Rebel forces chief commander Abdel Fattah Younes speaks during a rally in the rebel-held city of Benghazi, Libya earlier this month. (Photo: AP Photo/Sergey Ponomarev)
BENGHAZI, Libya (AP) — A rebel special forces member accused fellow Libyan rebels on Friday of killing the movement's military chief, pointing to a potentially major split in the ranks of the opposition battling Moammar Gadhafi.
An angry Mohammed Agoury told The Associated Press that he was present when a group of rebels from a faction known as the February 17 Martyrs' Brigade came to Abdel-Fattah Younis' operations room outside Benghazi before dawn on Wednesday and took him away with them for interrogation.
Agoury said he tried to accompany his commander, "but Younis trusted them and went alone."
"Instead, they betrayed us and killed him," he said.
The February 17 Martyrs Brigade is a group made up of hundreds of civilians who took up arms to join the rebellion. Their fighters participate in the front-line battles with Gadhafi's forces, but also act as a semi-official internal security force for the opposition. Some of its leadership comes from the Libyan Islamic Fighting Group, an Islamic militant group that waged a campaign of violence against Gadhafi's regime in the 1990s.
Agoury said the brigade had an agenda against Younis, because he was previously Gadhafi's interior minister and was involved in the crackdown that crushed the LIFG.
Younis defected to the rebellion early in the uprising that began in February, bringing his forces into the opposition ranks — a move that at the time raised Western hopes that the uprising could succeed in forcing out the country's ruler of more than four decades. But some on the rebel side remained deeply suspicious of him because of his longtime ties to Gadhafi.
"They don't trust anyone who was with Gadhafi's regime, they wanted revenge," said Agoury.
A member of the Martyr's Brigade said his group had evidence that Younis was a "traitor." He told the AP that "the evidence will come out in a few days." The brigade member spoke on condition of anonymity because he feared reprisals.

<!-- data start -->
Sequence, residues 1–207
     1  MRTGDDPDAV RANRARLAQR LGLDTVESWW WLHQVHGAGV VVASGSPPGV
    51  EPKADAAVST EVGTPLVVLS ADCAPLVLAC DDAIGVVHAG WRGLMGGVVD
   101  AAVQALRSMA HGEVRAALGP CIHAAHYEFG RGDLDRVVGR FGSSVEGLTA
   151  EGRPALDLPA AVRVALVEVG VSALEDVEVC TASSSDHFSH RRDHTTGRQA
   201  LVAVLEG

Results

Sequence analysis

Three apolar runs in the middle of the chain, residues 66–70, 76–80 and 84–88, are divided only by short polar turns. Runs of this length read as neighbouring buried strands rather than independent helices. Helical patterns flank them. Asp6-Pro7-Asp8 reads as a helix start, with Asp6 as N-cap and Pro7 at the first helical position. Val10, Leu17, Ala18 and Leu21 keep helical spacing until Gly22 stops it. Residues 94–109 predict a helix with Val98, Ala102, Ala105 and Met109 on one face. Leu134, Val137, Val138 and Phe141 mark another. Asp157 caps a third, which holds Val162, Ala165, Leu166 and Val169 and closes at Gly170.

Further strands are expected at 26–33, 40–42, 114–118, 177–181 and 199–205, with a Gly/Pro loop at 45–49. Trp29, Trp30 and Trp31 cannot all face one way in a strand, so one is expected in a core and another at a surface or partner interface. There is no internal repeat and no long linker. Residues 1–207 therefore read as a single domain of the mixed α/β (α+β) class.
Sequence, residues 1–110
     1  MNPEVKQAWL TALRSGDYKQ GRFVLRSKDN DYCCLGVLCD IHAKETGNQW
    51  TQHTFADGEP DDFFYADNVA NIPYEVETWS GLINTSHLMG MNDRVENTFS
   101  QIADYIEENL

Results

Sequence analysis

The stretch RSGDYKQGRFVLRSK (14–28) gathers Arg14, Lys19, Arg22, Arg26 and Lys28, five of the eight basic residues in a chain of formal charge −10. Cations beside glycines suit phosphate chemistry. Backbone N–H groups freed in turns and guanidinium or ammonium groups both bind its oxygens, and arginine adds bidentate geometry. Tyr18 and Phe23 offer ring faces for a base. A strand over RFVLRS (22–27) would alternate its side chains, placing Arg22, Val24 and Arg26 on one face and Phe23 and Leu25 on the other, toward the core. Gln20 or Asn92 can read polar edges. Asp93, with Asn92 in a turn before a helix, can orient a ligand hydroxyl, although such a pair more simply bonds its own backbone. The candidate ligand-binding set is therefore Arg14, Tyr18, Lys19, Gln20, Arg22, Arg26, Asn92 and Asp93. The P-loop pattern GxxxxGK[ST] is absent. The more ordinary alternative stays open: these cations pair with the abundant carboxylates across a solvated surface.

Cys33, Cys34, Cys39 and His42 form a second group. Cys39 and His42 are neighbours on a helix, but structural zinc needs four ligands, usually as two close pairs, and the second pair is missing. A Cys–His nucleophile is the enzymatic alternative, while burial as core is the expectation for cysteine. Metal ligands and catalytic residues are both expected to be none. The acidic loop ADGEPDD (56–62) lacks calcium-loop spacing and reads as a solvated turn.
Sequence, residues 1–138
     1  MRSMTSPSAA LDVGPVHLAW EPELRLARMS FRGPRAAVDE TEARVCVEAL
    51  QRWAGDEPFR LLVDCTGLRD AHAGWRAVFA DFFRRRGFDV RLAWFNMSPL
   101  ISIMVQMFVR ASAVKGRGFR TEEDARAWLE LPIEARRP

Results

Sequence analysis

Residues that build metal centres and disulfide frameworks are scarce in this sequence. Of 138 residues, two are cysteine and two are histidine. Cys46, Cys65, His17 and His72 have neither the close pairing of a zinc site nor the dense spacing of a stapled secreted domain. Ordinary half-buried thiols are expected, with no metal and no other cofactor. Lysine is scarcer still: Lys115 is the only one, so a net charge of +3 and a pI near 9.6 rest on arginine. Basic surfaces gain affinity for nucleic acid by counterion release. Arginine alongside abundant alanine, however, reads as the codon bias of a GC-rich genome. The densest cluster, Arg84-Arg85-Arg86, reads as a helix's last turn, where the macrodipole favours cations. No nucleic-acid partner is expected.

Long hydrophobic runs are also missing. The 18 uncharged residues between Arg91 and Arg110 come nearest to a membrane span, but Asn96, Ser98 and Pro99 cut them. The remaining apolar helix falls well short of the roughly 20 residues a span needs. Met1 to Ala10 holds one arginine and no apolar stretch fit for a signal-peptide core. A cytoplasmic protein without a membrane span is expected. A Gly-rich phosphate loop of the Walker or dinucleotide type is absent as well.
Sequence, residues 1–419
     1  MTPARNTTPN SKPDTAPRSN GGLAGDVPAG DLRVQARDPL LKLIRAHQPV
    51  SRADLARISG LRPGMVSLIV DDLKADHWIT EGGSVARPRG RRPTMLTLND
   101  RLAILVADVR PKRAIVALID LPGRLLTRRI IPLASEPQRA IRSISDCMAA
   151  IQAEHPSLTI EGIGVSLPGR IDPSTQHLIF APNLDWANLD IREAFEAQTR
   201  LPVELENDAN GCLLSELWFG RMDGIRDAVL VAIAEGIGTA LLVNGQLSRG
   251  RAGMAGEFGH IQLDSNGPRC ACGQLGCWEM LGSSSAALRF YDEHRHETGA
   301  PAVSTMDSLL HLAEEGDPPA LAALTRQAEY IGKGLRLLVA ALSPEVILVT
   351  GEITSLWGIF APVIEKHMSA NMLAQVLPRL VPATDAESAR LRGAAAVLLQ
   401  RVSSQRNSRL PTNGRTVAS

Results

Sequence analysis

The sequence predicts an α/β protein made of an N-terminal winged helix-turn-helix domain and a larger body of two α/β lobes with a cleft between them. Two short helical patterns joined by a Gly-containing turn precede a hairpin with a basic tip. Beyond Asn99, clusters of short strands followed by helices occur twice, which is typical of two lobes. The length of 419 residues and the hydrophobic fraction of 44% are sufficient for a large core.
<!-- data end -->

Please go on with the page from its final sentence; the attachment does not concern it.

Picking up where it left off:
Younis' body, along with those of two colonels who were his top aides, were found on Thursday, dumped outside Benghazi, the rebels' de facto capital. Their bodies had been burned.
The head of the rebel National Transitional Council, Mustafa Abdul-Jalil, blamed "gunmen" and said one man had been arrested, but Abdul-Jalil did not say what he believed motivated the killers.
Abdul-Jalil said Younis had been "summoned" to Benghazi for questioning on a "military matter" and was killed along with two aides while on route.
But hours before the commander's death was announced, rebel military spokesman Mohammed al-Rijali had said Younis was taken to Benghazi for "interrogation" on suspicion his family might still have ties to Gadhafi regime, raising questions about whether he might have been assassinated by his own side.
The city of Benghazi woke up to fierce shooting Friday morning, as the news of Younis' death spread confusion and suspicion in the city.
Thousands marched in Younis' funeral procession on Friday, as men draped the rebel tricolor flag over his coffin and carried it to a cemetery, where he was buried.
Younis' son, Ashraf, broke down, crying and screaming as they lowered the body into the ground.
"We want Moammar to come back! We want the green flag back!" he shouted at the crowd, betraying his frustration with the months of chaos in the country and a desire for a return to normalcy.
At the funeral, Younis' nephew Mohammad al-Obaidi called Younis a martyr and a champion of the Libyan uprising, while the crowd broke into chants of "The martyr is God's beloved" and "Allah is Great."
At the cemetery, Younis was given a military farewell with a 300-soldier salute beore being buried. The crackling of machine guns shot in the air competed with the crowds chanting.
Younis' deputy Col. Suleiman Mahmoud has taken over the military's duties in Benghazi.